Economic freedom and antisemitism

  • Date: –17:00
  • Location: 1-0062
  • Lecturer: Professor Therese Nilsson and associate professor Niclas Berggren
  • Website
  • Organiser: Forum för judiska studier
  • Contact person: Lars M. Andersson
  • Seminarium

In this study, we build on earlier work relating economic institutions to tolerance towards various minorities. We examine how variation in antisemitism across countries can be explained by economic freedom. We propose two mechanisms. First, the more economic freedom, the greater the scope of market activities. If people perceive Jews as particularly skilful at doing business at the expense of others, a greater reliance on markets can increase antisemitism. Second, a key type of institution undergirding the market is an effective and fair legal system, or the rule of law. The stronger the rule of law, the smaller the risk for exploitative behaviour, and the less hostile people will be towards groups seen as exploiters. If Jews are seen as such, more economic freedom reduces antisemitism. We use the ADL Global 100 survey of antisemitic attitudes and relate them, for up to 106 countries, to the Economic Freedom of the World index and its five areas. Our empirical findings confirm the two predictions: The more economic openness, the more antisemitism; and the stronger the rule of law, the less antisemitism. These findings indicate a complex relationship between markets and attitudes towards Jews.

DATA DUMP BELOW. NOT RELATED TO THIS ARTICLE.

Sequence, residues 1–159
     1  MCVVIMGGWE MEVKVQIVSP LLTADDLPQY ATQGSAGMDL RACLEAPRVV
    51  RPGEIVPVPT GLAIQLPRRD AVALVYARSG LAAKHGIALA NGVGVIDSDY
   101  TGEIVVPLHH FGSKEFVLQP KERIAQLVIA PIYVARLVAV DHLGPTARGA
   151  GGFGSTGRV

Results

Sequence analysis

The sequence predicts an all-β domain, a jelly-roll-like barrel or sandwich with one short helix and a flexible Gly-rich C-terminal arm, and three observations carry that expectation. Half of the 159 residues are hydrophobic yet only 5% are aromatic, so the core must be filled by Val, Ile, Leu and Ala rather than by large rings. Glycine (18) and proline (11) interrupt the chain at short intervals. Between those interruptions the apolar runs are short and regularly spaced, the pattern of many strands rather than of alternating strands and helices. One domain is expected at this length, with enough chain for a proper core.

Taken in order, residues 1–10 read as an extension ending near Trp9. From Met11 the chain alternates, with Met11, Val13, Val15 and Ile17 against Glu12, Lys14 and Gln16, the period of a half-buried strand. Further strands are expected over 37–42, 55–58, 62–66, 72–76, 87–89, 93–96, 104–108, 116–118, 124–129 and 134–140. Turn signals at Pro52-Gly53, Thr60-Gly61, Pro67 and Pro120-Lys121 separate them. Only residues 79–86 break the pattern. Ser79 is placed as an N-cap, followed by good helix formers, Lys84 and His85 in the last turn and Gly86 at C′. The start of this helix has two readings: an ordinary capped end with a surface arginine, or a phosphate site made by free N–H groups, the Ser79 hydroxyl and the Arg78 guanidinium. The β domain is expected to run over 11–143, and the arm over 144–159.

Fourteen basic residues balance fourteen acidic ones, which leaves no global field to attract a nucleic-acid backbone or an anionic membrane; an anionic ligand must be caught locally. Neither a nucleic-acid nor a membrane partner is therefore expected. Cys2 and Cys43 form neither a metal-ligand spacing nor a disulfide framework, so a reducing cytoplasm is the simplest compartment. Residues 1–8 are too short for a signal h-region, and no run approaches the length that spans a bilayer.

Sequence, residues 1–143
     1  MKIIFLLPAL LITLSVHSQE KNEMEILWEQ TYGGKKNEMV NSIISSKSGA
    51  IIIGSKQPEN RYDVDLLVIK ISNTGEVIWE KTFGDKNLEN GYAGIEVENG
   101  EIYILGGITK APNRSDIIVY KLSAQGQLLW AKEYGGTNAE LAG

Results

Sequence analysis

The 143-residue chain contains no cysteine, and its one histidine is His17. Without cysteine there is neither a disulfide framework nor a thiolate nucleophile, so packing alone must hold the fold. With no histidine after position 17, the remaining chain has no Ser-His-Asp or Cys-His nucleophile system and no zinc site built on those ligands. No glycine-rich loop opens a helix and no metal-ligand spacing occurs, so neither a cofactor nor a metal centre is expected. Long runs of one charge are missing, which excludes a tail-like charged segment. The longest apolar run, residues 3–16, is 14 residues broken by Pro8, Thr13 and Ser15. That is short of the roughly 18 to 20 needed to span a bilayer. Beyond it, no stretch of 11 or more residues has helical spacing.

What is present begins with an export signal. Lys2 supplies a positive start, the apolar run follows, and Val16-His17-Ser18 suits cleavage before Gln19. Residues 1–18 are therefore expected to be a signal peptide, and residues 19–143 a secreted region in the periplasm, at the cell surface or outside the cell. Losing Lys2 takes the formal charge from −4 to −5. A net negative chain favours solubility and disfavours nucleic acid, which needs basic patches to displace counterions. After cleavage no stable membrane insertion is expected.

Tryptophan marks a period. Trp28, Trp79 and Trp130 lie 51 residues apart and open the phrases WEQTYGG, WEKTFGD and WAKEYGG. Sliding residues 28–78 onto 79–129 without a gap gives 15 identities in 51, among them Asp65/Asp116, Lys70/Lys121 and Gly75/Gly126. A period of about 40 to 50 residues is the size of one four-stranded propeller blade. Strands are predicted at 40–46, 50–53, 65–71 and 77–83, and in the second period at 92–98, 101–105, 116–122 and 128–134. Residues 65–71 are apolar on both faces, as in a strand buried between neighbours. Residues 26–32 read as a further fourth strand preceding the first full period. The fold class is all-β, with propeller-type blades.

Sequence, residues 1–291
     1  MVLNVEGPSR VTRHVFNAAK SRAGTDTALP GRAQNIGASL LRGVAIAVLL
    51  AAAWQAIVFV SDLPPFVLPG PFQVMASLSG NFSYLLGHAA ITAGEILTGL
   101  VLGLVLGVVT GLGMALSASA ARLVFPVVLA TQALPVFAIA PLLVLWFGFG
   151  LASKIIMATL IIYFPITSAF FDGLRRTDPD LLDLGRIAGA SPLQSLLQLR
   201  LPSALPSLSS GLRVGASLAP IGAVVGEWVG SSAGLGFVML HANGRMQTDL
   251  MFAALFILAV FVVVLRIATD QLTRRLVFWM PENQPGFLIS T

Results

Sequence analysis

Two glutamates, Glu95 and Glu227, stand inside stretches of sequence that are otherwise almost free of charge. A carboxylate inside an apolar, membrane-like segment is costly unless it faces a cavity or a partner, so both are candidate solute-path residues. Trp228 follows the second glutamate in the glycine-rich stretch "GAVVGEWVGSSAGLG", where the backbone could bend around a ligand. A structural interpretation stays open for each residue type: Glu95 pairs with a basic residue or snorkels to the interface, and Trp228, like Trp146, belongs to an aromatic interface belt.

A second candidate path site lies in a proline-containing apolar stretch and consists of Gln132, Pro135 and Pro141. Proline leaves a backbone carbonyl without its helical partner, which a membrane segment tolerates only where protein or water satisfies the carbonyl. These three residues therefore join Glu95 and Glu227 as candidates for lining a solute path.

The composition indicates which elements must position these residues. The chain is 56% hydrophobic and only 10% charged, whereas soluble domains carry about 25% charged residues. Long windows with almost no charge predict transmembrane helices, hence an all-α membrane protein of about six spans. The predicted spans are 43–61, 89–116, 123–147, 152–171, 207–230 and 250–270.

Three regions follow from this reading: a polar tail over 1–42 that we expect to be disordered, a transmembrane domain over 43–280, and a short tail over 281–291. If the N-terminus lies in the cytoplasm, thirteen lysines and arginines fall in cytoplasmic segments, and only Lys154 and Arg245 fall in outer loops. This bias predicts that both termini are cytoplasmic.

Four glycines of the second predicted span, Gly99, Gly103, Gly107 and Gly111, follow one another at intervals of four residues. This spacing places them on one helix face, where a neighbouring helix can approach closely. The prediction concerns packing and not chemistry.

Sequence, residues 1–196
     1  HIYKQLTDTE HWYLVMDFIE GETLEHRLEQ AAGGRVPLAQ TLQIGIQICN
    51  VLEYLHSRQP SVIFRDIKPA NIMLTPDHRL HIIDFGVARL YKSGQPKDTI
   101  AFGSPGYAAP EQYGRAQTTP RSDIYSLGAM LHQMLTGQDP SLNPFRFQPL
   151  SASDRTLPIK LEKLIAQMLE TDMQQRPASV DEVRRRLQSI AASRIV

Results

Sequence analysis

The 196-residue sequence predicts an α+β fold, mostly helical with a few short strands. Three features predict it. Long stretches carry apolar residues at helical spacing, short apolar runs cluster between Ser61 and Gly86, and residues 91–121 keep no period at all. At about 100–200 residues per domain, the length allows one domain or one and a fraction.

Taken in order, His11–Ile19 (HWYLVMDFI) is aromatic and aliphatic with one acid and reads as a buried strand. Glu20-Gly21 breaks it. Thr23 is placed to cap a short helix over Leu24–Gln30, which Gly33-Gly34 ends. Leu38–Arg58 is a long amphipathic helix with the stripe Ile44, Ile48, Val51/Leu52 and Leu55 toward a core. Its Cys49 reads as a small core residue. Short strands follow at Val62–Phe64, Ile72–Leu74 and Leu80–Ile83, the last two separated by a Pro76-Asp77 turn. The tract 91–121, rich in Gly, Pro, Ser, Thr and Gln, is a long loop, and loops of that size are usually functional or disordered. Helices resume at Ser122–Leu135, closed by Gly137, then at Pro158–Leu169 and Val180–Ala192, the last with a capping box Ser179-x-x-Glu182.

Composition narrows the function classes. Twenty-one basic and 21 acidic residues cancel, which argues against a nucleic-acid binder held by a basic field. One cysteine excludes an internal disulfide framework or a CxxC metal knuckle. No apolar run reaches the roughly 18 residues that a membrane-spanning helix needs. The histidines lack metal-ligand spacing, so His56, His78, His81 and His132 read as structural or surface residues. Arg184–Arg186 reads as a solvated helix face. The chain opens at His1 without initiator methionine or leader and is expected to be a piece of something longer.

Therese Nilsson is a professor in economics. She is affiliated with the Department of Economics, Lund University, and the Research Institute of Industrial Economics (IFN). She also works as an Academic Programme Advisor for the Trade Policy Training Institute in Africa (trapca). Most of her research lies at the intersection of health and education economics, but her research also includes work on cultural and institutional economics.

Niclas Berggren is an associate professor of economics at the Research Institute of Industrial Economics (IFN) and in the Department of Economics at Prague University of Economics and Business. At IFN, he is program director for the research program Institutions, Markets and Enterprise. His research is in the fields of cultural, political and institutional economics, with a particular focus in recent years on the relation between economic institutions and cultural characteristics like trust, tolerance and religiosity.